A tale of two campaigns
ONE of the most striking features of this presidential campaign is the contrast between the two levels at which it is being waged. At one, the contest is painfully superficial and hard to explain. At the other level, though, this campaign has structure, meaning, and predictability. The first level is the world of the elections industry - of television, polls, the press, and campaign technicians. Here, all politics is image. The industry pays lip service to the importance of substance but is in fact preoccupied with style. It values an adroit one-liner more than a thousand carefully chosen words, and it counts a meaningless gaffe against a candidate much more than a flawed policy stand.Skip to next paragraph
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The apparatus through which the industry presents candidates would not allow an Aristotle to escape banality. Its centerpiece is the celebrated 30-second sound bite. Presumably on the assumption that a president needs the skills of a good quiz-show host - an ability to think on his feet and toss out witty retorts - the industry makes the televised debates key tests of strength. When these tests make the candidates look superficial, the industry choruses, ``Give us substance.''
Confused, we are left to wonder how the events of the Republican convention sufficed to bring George Bush from 17 points behind Michael Dukakis to six points ahead of him (according to ``before'' and ``after'' polls taken by CBS News and the New York Times). Time magazine tells us that its poll of Sept. 27-28 shows pluralities of the public believing that the middle class and the poor, the young and the old, are all worse off as a result of Ronald Reagan's policies - but at the same time shows a large majority believing Mr. Reagan's policies have been good for the country! If politics is at its core a quest for positive ``images,'' how is it that George Bush and Dan Quayle are leading Michael Dukakis and Lloyd Bentsen? Is it because a ``new Bush'' emerged at the Republican convention, replacing the old wimpy patrician? Have voters been bamboozled by posturing on the pledge of allegiance? Perhaps Mr. Dukakis is somehow failing to present his ``message'' effectively. Or maybe his handlers are not as good as Mr. Bush's.
The second level involves a more fundamental competition of party philosophies, against the backdrop of economic conditions and social change. For all the emphasis in the first level on campaign imagery, there is no evidence that any presidential election in this century has been so decided. Candidates have won or lost for substantial reasons: whether their parties' ideas were currently in favor, for example, and whether voters thought conditions justified retaining the incumbents or booting them out.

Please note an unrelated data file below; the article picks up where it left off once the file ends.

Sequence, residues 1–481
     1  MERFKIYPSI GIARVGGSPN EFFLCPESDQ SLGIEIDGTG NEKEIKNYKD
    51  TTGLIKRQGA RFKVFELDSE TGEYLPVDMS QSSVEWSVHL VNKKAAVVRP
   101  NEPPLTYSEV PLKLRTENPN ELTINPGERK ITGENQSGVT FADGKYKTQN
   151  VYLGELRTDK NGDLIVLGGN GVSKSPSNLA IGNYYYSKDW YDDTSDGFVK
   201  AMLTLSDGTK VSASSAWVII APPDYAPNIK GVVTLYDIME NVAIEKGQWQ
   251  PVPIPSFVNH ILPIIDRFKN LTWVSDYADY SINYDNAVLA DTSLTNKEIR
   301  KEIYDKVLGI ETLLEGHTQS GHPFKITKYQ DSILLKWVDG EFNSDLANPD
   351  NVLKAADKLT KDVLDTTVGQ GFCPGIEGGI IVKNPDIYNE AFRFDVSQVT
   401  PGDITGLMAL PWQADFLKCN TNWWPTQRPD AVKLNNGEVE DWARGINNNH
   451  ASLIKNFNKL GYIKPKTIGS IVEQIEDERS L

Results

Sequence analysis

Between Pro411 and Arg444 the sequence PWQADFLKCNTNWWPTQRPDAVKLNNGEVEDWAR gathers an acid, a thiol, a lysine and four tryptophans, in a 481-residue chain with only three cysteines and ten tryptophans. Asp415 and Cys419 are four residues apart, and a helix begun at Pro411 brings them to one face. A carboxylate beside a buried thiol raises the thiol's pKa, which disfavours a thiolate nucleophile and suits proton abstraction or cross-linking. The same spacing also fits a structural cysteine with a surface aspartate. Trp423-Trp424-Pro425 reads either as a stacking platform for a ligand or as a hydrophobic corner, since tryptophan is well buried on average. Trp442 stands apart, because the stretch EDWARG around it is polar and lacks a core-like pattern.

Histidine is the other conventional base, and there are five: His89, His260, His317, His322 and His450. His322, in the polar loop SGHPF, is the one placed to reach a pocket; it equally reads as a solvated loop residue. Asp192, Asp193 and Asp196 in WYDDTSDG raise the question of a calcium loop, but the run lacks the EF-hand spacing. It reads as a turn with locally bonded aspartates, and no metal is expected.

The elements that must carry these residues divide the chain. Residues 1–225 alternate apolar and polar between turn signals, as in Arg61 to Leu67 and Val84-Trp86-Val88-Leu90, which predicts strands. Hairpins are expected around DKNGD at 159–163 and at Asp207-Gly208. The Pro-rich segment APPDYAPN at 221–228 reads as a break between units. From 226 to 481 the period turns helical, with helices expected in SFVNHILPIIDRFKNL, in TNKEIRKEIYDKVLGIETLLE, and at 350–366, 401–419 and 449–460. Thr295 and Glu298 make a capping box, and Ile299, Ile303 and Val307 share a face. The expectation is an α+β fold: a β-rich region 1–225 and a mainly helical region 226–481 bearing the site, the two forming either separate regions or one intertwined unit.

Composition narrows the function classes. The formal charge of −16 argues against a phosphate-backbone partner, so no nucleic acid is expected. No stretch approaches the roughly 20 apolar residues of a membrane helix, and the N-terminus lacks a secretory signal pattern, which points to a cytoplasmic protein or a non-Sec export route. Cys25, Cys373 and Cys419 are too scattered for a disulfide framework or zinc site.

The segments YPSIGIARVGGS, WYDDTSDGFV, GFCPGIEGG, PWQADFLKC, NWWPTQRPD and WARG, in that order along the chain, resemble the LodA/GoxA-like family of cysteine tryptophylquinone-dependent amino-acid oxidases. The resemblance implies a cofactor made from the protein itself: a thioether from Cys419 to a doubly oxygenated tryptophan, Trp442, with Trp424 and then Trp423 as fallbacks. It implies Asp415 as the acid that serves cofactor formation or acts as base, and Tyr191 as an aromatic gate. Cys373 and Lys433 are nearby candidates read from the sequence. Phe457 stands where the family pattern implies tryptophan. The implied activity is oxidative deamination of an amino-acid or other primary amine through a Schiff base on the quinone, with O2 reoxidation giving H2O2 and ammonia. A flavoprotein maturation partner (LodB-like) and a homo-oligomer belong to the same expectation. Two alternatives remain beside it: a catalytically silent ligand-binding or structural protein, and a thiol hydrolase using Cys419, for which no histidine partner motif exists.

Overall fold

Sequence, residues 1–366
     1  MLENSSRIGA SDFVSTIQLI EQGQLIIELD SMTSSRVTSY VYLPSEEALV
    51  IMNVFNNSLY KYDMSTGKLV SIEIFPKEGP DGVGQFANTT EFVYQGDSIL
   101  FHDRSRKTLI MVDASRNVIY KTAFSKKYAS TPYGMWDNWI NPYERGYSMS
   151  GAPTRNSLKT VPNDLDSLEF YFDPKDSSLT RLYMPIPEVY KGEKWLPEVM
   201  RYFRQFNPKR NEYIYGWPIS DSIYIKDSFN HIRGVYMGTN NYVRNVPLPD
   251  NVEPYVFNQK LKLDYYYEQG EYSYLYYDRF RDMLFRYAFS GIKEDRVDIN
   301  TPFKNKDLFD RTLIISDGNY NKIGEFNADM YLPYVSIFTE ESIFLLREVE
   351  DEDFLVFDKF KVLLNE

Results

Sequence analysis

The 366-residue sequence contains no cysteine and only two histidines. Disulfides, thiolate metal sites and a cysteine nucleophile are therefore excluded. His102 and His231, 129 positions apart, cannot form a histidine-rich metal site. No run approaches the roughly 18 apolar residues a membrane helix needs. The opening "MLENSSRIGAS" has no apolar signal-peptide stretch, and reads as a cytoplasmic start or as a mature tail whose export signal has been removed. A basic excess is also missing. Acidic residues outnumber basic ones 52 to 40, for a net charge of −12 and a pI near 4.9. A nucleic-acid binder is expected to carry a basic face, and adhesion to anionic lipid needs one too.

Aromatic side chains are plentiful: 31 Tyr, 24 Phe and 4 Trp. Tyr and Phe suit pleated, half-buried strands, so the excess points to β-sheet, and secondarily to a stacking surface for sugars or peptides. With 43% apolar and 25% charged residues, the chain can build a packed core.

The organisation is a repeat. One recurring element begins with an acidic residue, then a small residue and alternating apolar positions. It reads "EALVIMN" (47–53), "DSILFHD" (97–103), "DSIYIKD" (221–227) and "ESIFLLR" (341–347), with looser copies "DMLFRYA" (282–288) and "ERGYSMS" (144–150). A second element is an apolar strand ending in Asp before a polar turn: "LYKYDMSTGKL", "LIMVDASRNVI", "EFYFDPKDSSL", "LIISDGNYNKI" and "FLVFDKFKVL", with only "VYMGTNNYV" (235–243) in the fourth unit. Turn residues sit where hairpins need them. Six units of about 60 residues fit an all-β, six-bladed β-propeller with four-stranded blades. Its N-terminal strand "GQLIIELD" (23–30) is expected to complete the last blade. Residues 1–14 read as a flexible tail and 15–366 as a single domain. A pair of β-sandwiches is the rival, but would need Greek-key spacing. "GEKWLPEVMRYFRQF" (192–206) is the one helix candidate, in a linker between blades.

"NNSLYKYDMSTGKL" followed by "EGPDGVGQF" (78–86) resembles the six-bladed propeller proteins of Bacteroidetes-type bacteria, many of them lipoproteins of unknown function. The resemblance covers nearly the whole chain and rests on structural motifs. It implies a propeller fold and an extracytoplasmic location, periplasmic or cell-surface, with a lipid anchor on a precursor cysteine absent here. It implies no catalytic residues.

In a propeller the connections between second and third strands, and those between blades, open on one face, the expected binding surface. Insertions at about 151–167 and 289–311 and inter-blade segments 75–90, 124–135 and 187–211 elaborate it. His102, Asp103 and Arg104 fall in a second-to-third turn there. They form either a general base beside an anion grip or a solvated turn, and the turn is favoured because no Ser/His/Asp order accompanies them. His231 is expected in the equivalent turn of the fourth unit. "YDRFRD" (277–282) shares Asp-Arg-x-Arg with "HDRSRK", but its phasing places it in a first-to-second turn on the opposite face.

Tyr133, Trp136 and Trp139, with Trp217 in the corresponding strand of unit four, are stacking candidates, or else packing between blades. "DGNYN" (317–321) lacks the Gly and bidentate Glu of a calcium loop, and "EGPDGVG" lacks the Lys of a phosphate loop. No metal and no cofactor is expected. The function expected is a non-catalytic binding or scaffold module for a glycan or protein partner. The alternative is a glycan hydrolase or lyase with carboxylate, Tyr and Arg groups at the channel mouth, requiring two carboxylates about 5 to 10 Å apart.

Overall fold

From the beginning, this year's election has been contested within a structure that favors the Republicans. One element of this structure is Reagan - who is leaving office more popular than he entered. Such popularity is partly transferable to the party - as Roosevelt proved half a century ago. Under Reagan the Republicans have drawn even with the Democrats overall in party identification and have pulled ahead among young voters. No American president has ever committed himself as fully to the election of his successor as Reagan has to Bush.
A second element in this election's structure involves the public response to current conditions - in the economy, foreign affairs, etc. Presidential elections are always in part referendums on national performance. This is an incumbents' election: Most voters think things are going fairly well and are thus inclined to give the ``ins'' another chance.
To understand the third main element of this structure, we note that in the last five presidential elections - 1968 through 1984 - the Republicans garnered 53 percent of all ballots cast, the Democrats just 42 percent. Only one previous set of five elections has been decided more decisively: that of 1932-48, when the Democrats won 55 percent of the vote to the Republicans' 43 percent.
This is not by chance. The Democrats' 12-point lead in the New Deal elections came about in part because their approach to governing was more popular than the GOP's. Likewise the Republican's 11-point margin over the last five contests reflects their current edge.
An election structure can be overcome - when the disadvantaged party convinces a majority of voters that its candidates are better than its opponents - but it can never be ignored. Beyond the superficiality of the campaign the elections industry is bringing to us lies a contest shaped by forces far more substantial.
Everett Carll Ladd is executive director of the Roper Center for Public Opinion Research and professor of political science at the University of Connecticut.